Pauline Njoroge’s Comment On Dead Capital Causes A Stir Online – Should We Build Homes In The Rural Areas?

Pauline Njoroge On Dead Capital

Political analyst Pauline Njoroge has sparked massive reaction on the ongoing dead capital challenge on Facebook.

The political blogger has taken sides explaining that Nyanza has better structured towns compared to central Kenya.

The chatter started when a medical doctor shared his palatial home in the village prompting the discussion of building back in the rural area.
Some users felt that building a palatial home was a waste of money and it creates property that can be termed as dead capital.

Pauline Njoroge On Dead Capital
Judy Oricho’s Father’s Home- God Uma Homa Hills- Beautiful Home- Facebook Page.

Let me tell you Maina, those houses in Nyanza are a sight to behold!” pauline stated
“Have you seen their city and towns? Very clean, well organized and nice buildings. Wait until you land in Central Kenya towns, the complete opposite.” Pauline interjected.

Pauline Njoroge Comment On Dead Capital
Faith Mbori’s Kisumu House: Home Beautiful – Facebook

Consequently, Pauline said “A place like Maragwa town has no bank. But we will be here bragging that sisi ndio watu smart sana wa biashara, na wale wengine ni wa kurusha mawe.”

Paulines’ thoughts caused a flood of response with both sides showcasing the fleet of holywood houses built in Nyanza and central Kenya.

According to the IMF, dead capital is a term used to refer to informally held property that cannot be equated to capital acquisition.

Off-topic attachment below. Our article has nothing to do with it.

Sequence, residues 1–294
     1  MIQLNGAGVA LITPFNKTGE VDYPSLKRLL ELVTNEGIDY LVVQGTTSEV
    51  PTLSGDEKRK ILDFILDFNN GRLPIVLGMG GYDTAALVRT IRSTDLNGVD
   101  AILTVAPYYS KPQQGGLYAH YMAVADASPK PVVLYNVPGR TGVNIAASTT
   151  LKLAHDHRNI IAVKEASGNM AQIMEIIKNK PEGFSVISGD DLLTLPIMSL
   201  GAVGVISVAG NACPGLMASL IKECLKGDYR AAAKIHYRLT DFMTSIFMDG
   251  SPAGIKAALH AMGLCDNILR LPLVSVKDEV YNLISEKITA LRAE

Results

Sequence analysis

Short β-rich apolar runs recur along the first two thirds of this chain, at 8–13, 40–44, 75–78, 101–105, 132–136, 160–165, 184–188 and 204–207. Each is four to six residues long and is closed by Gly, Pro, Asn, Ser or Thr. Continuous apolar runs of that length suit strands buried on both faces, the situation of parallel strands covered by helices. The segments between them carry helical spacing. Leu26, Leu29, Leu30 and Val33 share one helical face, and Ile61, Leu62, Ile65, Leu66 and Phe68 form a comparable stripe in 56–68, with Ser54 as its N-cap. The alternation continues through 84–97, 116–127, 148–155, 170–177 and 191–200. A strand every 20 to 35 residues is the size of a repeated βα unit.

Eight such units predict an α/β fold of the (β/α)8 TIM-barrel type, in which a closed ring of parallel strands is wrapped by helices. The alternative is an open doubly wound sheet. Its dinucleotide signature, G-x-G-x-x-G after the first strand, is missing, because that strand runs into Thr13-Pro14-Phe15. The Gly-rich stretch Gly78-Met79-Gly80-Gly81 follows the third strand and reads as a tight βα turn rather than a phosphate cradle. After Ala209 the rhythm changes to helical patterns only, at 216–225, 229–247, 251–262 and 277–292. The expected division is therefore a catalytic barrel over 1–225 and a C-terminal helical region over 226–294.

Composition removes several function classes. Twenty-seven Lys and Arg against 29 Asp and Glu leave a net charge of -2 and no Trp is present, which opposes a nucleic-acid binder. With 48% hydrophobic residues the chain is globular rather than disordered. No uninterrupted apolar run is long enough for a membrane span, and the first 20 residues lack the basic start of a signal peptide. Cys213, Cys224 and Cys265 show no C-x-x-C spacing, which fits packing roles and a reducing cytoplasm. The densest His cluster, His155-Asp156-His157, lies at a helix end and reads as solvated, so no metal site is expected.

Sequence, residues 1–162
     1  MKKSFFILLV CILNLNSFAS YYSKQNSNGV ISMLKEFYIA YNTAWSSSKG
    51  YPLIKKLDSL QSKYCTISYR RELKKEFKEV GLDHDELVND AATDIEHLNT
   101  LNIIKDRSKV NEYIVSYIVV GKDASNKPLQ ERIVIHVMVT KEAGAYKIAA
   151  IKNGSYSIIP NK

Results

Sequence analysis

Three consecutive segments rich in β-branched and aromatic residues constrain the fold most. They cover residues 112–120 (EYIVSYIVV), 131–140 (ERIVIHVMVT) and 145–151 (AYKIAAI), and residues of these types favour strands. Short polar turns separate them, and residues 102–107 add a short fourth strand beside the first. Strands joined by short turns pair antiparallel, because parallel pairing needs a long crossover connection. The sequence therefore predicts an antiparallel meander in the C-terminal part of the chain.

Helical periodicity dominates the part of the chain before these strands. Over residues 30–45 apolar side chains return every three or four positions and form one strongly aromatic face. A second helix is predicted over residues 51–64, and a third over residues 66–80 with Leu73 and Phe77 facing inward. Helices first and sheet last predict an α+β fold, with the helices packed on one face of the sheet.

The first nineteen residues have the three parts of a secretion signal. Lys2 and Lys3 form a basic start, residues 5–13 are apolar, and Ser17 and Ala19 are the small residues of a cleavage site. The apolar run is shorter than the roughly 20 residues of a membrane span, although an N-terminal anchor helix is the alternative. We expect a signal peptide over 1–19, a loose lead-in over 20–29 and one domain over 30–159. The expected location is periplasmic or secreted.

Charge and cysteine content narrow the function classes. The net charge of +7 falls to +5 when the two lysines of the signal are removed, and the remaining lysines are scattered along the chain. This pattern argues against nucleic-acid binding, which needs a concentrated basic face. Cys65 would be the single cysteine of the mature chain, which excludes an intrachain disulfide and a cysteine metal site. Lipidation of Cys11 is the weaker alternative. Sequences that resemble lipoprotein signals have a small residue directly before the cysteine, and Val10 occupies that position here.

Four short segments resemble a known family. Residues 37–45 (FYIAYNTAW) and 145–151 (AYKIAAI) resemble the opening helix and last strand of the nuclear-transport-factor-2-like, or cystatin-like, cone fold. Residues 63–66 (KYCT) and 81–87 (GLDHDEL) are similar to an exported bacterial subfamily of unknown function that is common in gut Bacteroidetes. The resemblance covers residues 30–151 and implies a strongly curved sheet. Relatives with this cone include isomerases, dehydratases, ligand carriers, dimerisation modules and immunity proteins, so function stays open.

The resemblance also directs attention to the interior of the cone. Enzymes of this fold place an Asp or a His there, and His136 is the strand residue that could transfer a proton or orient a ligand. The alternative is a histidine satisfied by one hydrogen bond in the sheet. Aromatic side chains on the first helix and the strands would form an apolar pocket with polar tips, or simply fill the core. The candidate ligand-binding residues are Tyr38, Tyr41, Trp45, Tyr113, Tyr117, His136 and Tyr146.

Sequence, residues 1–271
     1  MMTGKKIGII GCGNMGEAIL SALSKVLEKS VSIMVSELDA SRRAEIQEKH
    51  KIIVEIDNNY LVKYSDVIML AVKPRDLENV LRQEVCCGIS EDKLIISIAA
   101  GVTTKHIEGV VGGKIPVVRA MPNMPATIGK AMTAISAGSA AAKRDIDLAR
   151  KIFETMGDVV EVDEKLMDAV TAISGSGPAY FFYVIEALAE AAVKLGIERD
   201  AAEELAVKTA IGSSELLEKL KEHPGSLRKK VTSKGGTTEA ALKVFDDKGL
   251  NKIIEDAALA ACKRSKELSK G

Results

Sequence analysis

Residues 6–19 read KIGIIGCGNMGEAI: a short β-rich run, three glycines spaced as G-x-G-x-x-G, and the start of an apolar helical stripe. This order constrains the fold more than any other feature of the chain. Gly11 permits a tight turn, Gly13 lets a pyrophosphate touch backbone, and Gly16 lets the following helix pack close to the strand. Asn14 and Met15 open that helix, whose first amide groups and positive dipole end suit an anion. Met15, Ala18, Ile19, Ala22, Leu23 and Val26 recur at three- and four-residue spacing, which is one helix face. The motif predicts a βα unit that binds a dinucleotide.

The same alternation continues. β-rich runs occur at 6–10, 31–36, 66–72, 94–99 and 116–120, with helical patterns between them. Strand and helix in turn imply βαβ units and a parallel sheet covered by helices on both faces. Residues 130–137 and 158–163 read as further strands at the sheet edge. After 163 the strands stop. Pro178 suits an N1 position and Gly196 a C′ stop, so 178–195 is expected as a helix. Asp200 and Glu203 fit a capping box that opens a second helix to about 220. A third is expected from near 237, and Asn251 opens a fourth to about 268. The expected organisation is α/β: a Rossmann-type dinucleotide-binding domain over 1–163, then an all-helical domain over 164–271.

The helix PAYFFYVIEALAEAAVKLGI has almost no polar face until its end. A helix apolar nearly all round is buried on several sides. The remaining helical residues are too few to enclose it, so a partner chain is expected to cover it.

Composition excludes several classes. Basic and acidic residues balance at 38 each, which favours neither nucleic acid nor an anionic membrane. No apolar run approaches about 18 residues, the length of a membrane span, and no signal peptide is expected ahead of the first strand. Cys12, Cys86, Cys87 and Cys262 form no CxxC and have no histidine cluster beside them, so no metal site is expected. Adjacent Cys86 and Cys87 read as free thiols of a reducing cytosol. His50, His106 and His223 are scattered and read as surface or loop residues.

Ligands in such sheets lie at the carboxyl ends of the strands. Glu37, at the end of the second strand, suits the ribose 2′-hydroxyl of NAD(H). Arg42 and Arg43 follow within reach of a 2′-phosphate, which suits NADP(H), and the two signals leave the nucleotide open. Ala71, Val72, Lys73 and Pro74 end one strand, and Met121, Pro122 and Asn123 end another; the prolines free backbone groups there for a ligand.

Normally, dead capital is mostly referenced in relation to informal settlements which can’t be used as collateral for loans.

However, ​​Prof Bitange Ndemo disagrees with political pundit Pauline Njoroge on the views she shared on facebook

“In Kenya we have a segment of similar property that falls within the realms of dead capital. These are the rural shopping centers that are built for prestige, not as an income generating asset.”
The professor formally from the school of business at the University of Nairobi says “Some $20 billion lie idle in the villages.”

In addition, “Another  $5 billion is buried in second homes of the urbanites who travel perhaps once a year to sleep in their mansions.” Prof Ndemo said in an op ed on the Nation.

Comedian Oga Obinna came forward advising Kenyans to not invest in building a home in their rural area.

“I’am one of the comedians who build a house in the village early enough. But I rarely spend my time there. When I go home I spend in a hotel in Kisumu, and just pass by to see if the compound has been well maintained. The most I spend in my house is one week when I go upcountry with my children,” Obinna said.

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